Psalm 42:5, 6 reminds us that we need to “remember” (because we are so prone to forget) and “hope” in God. The focus is away from myself and my sorrows and directed Godward. His “song” directs us to listen to His words while reference to “my prayer” exhorts us to also speak to the One who always has an open ear. This is true fellowship with the Father—cemented by being both receptive to Yahweh’s instruction but also actively communicating with Him and trusting that He does hear and care. Psalm 40:1 also encourages us to learn from God’s response to another sufferer in the past: “He [God] inclined unto me, and heard my cry”. Verse 11 then advances the exhortation to “praise” Him, who is our source of health. The paralysis and pain that accompanied the Psalmist’s depression needed a Divine remedy inviting human activity—“be up and doing”. Most importantly, both the prescription and medication came from the Divine physician, who the Psalmist declares, “is the health of my countenance” (v11).

Depths and Heights

Have we ever experienced the kind of exasperating ups and downs that mark the Psalmist’s confessions in Psalm 42? At some point, we may feel that, despite passing through a period of depression and turbulence, we have finally obtained a grip and steadied the course. But the experience of peace and calm is only fleeting! Shortly after the calm, we again find ourselves being pitched on an agitated sea. This kind of continual slipping back into feelings of depression is of itself a cause of despair. And yet, a careful look at Psalm 42 reveals this very kind of tossing to and fro to also be the experience of the Psalmist. Verses 1–5 show the author apparently finding some success in working through his depression. At the start of verse 6 he is again ‘down in the dumps’ (“O my God, my soul is cast down within me”), but as the verse finishes the Psalmist extols God from the heights of the Promised Land (Hermon and the hill of Mizar). In verse 7, he is again sinking below the waves (“all thy waves and thy billows are gone over me”). In verse 8 he regains the Divine perspective and climbs up onto the rescuing “Rock” (v9)—-but, he is still confessing that he has yet another tormenting question: “Why hast thou forgotten me?”. Notice that three times in this short little Psalm, our fellow disciple asks “Why? Why? Why?” (verse 5, 9,11).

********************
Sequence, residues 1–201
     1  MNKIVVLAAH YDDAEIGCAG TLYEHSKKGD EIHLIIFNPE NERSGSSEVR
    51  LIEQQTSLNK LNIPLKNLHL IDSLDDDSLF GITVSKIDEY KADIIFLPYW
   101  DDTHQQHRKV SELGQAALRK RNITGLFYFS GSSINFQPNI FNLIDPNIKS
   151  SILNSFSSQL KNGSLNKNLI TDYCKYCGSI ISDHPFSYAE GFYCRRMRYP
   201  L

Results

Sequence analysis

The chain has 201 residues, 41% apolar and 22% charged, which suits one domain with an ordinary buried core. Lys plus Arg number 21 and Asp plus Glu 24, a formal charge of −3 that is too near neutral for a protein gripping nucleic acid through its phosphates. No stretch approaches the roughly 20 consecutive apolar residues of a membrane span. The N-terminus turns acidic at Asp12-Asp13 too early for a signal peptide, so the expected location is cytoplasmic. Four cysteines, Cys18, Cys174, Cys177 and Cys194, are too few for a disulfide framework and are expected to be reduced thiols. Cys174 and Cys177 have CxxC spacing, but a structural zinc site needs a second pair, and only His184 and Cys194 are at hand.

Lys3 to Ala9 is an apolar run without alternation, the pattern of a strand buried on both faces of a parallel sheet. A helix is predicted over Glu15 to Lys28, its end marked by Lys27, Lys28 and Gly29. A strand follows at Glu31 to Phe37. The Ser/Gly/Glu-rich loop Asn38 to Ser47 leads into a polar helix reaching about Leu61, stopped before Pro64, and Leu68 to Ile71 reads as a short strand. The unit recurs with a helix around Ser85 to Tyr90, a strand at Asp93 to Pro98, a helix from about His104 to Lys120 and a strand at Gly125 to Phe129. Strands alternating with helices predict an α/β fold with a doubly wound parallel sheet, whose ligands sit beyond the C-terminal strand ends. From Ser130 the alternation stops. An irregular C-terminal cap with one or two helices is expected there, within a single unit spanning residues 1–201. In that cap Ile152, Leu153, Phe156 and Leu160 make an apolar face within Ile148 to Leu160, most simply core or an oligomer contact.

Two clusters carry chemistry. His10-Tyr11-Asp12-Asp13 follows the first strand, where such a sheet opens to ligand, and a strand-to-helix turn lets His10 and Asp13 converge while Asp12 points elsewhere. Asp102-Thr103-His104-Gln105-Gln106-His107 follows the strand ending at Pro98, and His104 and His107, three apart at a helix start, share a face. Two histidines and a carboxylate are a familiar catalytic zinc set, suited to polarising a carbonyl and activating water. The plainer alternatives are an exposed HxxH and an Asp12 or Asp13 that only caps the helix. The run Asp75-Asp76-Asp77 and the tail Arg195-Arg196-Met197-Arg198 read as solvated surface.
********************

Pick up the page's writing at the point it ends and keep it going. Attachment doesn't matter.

One commentator aptly focuses on this troubled rhythm flowing through Psalm 42 and effectively relates it to its geographic references used to illustrate the ‘ups and downs’ of the Psalmist’s trial:

“… in spite of the psalmist’s reflections and expression of the triumph of hope, the experience of alienation is still there. He is still ‘downcast’ (v 6). Therefore he returns in his memories to the Promised Land, symbolized here by ‘the land of the Jordan, the heights of Hermon’ (v 6). The upper Jordan Valley, the Hermon Range with its peaks reaching nine thousand feet above sea level, and the unknown Mount Mizar point our attention to the region of the sources of the Jordan River. The psalmist returns to the water imagery with which the psalm began [v1]. But this time the memories of water are overshadowed by a deep sense of despair. The waterfalls with its rocks, breakers, and waves, and its awesome noise of the rushing and falling waters metaphorically portray his condition. Instead of enjoying the ‘living water’ of the ‘living God’… He has no control over his present circumstances and undergoes the present troubles, not knowing where he will end up.”[1]

Enduring to the End

The final verse of Psalm 42 does end on the firm conviction that spiritual “health” finds its source in God alone (v11). This expression of confidence, however, comes at the end of a journey that began with the Psalmist confessing that “tears” were his daily meat (v3). The Psalmist has moved from a diet of daily sorrow and distress to finally being able to taste a meal of fellowship and peace with “the God of patience and consolation” (Rom 15:5). Progress and final victory over the weaknesses that we wrestle with in our “night seasons” takes time and patient endurance. The Father is with us all the way—we need to trust this and use the spiritual resources that He has provided to bring guiding Light into our darkest hours.


[1] The Expositor’s Bible Commentary, Zondervan Publ